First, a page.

What's the Latest Development?

A review of dieting studies shows conclusively that eating breakfast does not contribute to weight gain, and that those who skip breakfast typically consumer fewer daily calories than breakfast-eaters. In fact, only one 12-week study, published in 1992, attempted to control for breakfast-eaters and breakfast-skippers when it came to weight gain: Moderately obese adults who were habitual breakfast skippers lost an average of roughly 17 pounds when they were put on a program that included eating breakfast every day. And regular breakfast eaters who were instructed to avoid eating breakfast daily lost an average of nearly 20 pounds."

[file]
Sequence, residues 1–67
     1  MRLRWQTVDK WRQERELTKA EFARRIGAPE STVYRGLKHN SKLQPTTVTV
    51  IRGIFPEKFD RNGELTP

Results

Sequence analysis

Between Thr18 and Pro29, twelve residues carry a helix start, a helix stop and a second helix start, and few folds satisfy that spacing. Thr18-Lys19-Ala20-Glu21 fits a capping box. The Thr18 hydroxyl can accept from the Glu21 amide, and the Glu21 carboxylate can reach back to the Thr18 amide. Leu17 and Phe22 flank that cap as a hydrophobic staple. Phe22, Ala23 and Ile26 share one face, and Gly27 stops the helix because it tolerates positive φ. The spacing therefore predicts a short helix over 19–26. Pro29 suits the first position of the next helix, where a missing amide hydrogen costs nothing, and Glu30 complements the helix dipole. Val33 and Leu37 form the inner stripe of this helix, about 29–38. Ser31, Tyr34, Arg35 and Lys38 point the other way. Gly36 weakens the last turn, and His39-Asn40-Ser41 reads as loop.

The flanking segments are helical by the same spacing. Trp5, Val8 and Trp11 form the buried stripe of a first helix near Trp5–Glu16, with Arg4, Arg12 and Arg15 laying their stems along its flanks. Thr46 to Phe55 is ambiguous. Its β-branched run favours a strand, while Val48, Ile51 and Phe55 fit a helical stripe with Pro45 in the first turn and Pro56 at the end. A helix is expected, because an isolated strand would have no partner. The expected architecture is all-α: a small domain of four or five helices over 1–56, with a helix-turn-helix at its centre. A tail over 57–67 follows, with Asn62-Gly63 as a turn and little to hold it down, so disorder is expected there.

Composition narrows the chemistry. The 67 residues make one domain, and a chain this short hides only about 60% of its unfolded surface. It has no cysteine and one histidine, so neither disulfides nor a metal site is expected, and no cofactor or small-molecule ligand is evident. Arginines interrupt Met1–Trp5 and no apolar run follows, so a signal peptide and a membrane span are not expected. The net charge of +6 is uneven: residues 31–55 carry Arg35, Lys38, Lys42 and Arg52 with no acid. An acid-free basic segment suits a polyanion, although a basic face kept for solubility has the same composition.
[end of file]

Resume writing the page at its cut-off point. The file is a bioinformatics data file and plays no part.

What's the Big Idea?

The continuing kerfuffle over breakfast and weight gain confirms the most basic fact about weight management: More than anything else, eating an excessive number of calories is what makes people fat. A 2002 study found that eating breakfast may help people maintain their current weight, after losing some through calorie limitations and exercise. "Newer studies that have focused on depriving people of breakfast show that it 'can lead them to eat more calories at lunch. But those extra calories do not make up for the calories they missed at breakfast, so at the end of the day, they still end up eating fewer calories over all.'"

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